Hen­na House

  • Review
By – April 30, 2014

Nomi Eve, prizewin­ning author of The Fam­i­ly Orchard, has woven a mag­i­cal and fas­ci­nat­ing sto­ry, set in an obscure cor­ner of his­to­ry, unfa­mil­iar to almost every­one. Adela Damari lives in a tiny vil­lage in the moun­tains of Yemen. The Yemenite com­mu­ni­ty that sur­rounds her fol­lows ancient Jew­ish tra­di­tions and dress. Adela her­self wears a gar­gush, a sil­ver crown-like head­piece trimmed with coins. She lives in a com­plex with her sour moth­er, lov­ing but sick father, and a tribe of broth­ers, sis­ters-in-law, and their many children.

Adela, and most young chil­dren in her small town, live in dead­ly fear of the Con­fis­ca­tor, a Mus­lim offi­cial who has the legal right to seize orphaned Jew­ish chil­dren and give them up for adop­tion to Mus­lim fam­i­lies, where they will have to con­vert and for­get their for­mer lives. To pre­vent this, many Jews engage their sev­en and eight-year-olds to avoid their being kid­napped. Adela, luck­i­ly, is engaged to her cousin Assaf who has appeared with his elder­ly father in their small town. They are traders who trav­el the ancient spice route.

An inte­gral part of the Yemenite women’s cul­ture is the prac­tice of hen­na: draw­ing elab­o­rate paint­ings on each oth­er at par­ties. Adela’s moth­er for­bids her to attend these par­ties until the arrival of anoth­er uncle, aunt, and cousin, Hani. Aunt Rahel is an expert hen­na artist and final­ly Adela is allowed to join this almost mys­te­ri­ous cus­tom of women. She shows an affin­i­ty for the art, and through learn­ing hen­na designs, learns how to read and write.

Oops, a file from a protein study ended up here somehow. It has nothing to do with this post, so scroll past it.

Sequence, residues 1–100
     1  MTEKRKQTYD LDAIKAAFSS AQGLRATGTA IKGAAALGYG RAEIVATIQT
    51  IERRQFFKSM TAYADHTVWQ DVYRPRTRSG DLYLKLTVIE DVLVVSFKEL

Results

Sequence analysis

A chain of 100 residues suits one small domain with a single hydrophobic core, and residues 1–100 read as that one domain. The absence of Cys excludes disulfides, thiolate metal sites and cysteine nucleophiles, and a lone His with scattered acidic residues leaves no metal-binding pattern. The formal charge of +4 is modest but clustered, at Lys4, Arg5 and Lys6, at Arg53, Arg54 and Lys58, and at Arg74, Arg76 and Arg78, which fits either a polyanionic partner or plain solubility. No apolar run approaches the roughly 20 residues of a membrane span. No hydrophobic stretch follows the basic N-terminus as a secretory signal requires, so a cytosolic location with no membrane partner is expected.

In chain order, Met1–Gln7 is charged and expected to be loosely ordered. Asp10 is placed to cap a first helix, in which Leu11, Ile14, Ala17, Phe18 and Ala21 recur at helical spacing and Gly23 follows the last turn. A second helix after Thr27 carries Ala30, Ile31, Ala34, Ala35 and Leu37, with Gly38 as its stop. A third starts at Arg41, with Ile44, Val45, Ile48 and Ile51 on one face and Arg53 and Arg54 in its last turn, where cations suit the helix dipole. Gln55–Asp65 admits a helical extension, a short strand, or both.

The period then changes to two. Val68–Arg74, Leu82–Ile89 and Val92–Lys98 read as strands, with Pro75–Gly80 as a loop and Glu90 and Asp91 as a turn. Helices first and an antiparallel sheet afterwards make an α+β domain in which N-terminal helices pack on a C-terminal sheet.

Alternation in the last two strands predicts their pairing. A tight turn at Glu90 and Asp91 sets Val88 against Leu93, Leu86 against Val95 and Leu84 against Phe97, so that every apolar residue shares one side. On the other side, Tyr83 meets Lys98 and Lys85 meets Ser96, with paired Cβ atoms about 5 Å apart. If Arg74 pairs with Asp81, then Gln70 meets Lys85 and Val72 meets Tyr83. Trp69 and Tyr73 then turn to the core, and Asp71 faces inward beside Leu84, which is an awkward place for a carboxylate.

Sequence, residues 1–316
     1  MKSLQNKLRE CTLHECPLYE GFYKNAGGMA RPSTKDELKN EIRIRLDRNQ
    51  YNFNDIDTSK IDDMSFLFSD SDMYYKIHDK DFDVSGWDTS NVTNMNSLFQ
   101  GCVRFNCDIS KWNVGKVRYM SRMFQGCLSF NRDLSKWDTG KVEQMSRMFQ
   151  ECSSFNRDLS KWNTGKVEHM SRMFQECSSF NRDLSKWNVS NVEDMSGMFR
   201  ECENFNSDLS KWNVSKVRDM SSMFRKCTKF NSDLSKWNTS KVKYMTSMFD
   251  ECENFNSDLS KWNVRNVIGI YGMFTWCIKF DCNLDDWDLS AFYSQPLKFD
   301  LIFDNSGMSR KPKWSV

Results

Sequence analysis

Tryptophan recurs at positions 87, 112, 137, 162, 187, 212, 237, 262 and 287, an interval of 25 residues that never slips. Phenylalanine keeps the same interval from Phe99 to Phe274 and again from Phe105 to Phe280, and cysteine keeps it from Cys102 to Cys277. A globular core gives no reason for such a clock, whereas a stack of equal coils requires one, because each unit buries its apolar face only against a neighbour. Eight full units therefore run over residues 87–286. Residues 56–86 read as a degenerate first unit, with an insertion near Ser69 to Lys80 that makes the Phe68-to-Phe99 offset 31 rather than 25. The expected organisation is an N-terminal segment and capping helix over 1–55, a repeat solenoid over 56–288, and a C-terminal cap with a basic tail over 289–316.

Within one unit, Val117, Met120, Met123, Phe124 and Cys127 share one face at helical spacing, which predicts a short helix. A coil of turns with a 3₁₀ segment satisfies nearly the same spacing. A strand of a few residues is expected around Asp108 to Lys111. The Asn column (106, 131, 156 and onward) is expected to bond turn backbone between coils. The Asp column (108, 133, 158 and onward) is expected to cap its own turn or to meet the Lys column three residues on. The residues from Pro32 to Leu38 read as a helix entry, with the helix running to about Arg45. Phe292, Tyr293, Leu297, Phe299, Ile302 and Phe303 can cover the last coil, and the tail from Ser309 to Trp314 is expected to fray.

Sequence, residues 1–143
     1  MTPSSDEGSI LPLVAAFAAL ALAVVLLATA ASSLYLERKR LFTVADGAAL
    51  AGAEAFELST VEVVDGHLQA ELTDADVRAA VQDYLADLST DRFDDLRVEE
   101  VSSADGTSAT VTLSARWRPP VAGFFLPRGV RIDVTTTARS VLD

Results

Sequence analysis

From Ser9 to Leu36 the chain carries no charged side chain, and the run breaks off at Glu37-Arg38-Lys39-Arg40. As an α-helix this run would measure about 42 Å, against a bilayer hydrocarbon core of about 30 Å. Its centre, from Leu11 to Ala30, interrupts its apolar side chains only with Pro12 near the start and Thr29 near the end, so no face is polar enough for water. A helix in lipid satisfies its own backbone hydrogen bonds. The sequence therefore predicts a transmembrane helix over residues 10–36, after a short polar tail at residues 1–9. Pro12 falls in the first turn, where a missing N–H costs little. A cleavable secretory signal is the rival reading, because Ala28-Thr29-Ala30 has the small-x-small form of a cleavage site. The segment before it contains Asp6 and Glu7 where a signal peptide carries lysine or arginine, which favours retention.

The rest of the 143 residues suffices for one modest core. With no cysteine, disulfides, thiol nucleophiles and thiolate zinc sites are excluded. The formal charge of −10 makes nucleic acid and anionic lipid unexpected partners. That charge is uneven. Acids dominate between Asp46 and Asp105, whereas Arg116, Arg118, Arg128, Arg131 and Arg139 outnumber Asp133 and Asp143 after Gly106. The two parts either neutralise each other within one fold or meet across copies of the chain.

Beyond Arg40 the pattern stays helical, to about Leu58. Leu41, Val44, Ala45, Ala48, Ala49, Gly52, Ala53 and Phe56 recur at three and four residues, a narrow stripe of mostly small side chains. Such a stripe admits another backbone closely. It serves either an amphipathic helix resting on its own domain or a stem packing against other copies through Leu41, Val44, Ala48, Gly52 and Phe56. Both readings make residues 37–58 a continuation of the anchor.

Sad­ly, Assaf and his father depart again on their jour­neys. Adela’s moth­er can­cels the engage­ment and Adela again quakes at the thought of the immi­nent appear­ance of the Con­fis­ca­tor, since both her par­ents die soon, only months apart from each oth­er. Adela’s warm fam­i­ly cir­cle keeps her from harm and after extend­ed droughts in the vil­lage the fam­i­ly tribe departs secret­ly for Aden where they live well and hap­pi­ly. Thrust into the mod­ern world for the first time, Adela sees auto­mo­biles, street lights and mul­ti-col­ored peo­ple for the first time. The fam­i­ly women all adhere to the wear­ing of hen­na designs and Adela waits by the port every day try­ing to seek out her beloved Assaf.

His return brings tragedy and cat­a­stro­phe inter­wo­ven with the hen­na designs. Pogroms make Aden less and less wel­com­ing to the Jews and in 1947 on The Wings of Eagles” Israel air­lifts the Yemenite com­mu­ni­ty to Israel, where final­ly, Adela finds her peace and happiness.

Hen­na House not only tells a com­pelling sto­ry about char­ac­ters the read­er cares about, but also illu­mi­nates a time and way of life unknown to most.

Suri Boiangiu recent­ly semi-retired from the posi­tion of assis­tant prin­ci­pal at an all-girls high school. She has either been an admin­is­tra­tor or taught Eng­lish at Yeshiv­ah of Flat­bush and Magen David High School. She loves read­ing mod­ern fic­tion, or any fic­tion, and Ama­zon knows her by her first name.

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